James continues in chapter 4 verse 13 with a seemingly mundane illustration of a businessman’s plans to make some money. He starts off this section with a rare phrase in the New Testament “Come now,” found only in James 4:13 and in our next section – chapter 5 v 1. It’s a verb in the imperative form – a command. James is commanding his audience to “come now,” which may also be translated as “Listen up!” But James previously used the word brethren, and here he uses the general phrase, “you who say.” This raises a question as to whether James is speaking to a group of unbelievers, as he does in chapter 5 v 1 where he uses the same phrase in reference to ‘the rich.’ But in the text before us, it seems as though the general, “you who say” also refers to believers, and so we will be looking at this first section in that way, and the next at the unbelieving “rich” in ch 5:1-6.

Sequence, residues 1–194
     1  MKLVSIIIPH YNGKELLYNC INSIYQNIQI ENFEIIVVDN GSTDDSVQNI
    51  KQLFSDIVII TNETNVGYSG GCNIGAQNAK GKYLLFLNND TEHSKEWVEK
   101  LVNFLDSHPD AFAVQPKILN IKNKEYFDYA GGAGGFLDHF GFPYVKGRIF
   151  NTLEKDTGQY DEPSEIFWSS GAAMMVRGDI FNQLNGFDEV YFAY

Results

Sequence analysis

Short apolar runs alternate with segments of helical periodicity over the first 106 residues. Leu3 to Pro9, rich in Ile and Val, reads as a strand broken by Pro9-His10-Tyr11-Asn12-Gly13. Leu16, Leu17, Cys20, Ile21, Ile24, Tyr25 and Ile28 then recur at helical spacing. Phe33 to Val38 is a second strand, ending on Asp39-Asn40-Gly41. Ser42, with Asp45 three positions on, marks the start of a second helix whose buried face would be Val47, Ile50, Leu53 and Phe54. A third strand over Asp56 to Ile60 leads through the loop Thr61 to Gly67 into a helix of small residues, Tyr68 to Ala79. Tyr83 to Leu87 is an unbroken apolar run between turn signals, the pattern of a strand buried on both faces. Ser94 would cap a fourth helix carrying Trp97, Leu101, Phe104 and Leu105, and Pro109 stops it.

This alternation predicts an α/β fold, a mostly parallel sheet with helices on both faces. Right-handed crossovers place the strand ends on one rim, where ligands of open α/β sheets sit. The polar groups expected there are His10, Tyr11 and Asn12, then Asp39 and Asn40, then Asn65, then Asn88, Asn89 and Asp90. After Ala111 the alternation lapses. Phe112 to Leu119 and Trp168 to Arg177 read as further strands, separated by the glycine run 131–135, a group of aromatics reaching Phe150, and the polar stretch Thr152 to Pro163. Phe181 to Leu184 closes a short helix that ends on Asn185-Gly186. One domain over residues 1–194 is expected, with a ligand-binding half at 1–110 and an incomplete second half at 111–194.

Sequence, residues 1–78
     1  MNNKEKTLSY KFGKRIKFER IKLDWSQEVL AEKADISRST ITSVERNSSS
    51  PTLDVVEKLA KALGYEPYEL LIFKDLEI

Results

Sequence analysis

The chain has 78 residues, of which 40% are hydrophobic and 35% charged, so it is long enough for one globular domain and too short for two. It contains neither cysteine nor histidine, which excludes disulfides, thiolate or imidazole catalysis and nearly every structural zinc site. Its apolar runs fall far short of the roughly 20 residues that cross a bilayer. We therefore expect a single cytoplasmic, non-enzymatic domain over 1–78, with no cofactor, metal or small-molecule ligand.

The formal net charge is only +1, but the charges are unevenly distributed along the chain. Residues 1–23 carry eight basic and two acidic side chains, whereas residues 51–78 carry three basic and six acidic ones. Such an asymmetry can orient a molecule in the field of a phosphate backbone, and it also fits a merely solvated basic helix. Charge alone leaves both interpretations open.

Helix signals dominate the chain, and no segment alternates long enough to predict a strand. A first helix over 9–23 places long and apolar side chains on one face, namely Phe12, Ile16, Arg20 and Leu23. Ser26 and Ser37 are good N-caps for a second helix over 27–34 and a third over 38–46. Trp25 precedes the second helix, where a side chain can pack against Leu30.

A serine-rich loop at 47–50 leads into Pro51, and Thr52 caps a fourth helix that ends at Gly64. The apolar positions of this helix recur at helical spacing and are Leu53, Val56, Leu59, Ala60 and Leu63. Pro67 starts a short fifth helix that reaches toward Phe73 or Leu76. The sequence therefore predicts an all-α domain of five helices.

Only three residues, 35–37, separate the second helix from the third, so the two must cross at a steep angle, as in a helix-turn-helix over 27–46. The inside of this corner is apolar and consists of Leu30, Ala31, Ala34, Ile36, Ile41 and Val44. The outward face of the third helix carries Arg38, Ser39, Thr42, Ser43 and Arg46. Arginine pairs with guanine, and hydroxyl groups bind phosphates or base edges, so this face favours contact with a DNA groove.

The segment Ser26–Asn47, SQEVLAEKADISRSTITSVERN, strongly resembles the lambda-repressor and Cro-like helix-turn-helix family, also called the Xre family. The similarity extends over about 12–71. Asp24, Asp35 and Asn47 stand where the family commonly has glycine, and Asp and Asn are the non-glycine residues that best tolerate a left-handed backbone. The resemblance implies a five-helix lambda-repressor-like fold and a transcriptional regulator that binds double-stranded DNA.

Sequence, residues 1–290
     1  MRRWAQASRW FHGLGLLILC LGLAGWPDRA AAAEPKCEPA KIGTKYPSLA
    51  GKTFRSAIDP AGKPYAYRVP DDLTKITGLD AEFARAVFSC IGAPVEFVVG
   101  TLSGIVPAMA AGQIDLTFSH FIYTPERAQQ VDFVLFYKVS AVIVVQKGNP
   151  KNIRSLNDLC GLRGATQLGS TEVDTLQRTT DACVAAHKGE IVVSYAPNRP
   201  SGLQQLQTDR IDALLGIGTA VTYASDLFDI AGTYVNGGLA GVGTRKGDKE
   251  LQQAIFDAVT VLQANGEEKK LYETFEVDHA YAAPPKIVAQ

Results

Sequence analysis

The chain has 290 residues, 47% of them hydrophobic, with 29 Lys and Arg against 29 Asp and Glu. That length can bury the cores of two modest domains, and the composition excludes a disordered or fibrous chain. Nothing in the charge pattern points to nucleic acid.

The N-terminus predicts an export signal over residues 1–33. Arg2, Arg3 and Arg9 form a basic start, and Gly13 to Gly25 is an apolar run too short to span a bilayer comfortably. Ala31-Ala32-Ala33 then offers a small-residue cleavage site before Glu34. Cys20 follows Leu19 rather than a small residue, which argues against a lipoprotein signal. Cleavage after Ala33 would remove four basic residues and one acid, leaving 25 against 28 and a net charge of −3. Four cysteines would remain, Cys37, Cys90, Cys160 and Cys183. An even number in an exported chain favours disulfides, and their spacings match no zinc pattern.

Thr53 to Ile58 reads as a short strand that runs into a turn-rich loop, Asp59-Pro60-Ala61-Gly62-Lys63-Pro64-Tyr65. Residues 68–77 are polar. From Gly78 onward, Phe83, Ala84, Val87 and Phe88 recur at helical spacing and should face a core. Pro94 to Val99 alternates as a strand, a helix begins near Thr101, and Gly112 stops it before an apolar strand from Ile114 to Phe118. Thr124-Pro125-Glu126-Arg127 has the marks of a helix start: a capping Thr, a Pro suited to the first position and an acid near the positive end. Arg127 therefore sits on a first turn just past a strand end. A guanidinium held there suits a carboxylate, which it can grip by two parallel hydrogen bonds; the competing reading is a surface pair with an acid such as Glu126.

The central proposition of this text challenges us to examine how we live our lives. Do you live presumptuously? Do you presume life will go on, without any thought of God and His will – as James’ illustration brings out in v 13 “today or tomorrow we will go into such and such a town and spend a year there and trade and make a profit?” Clearly those who speak and think in this manner are not planning with any thought of the Lord and His will; their thoughts are concerned solely with trade and profit. They are choosing their own time – today or tomorrow; their own location – such and such a town; and the duration – a year. James answers this folly in verse 14 “yet you do not know what tomorrow will bring. What is your life? For you are a mist that appears for a little time and then vanish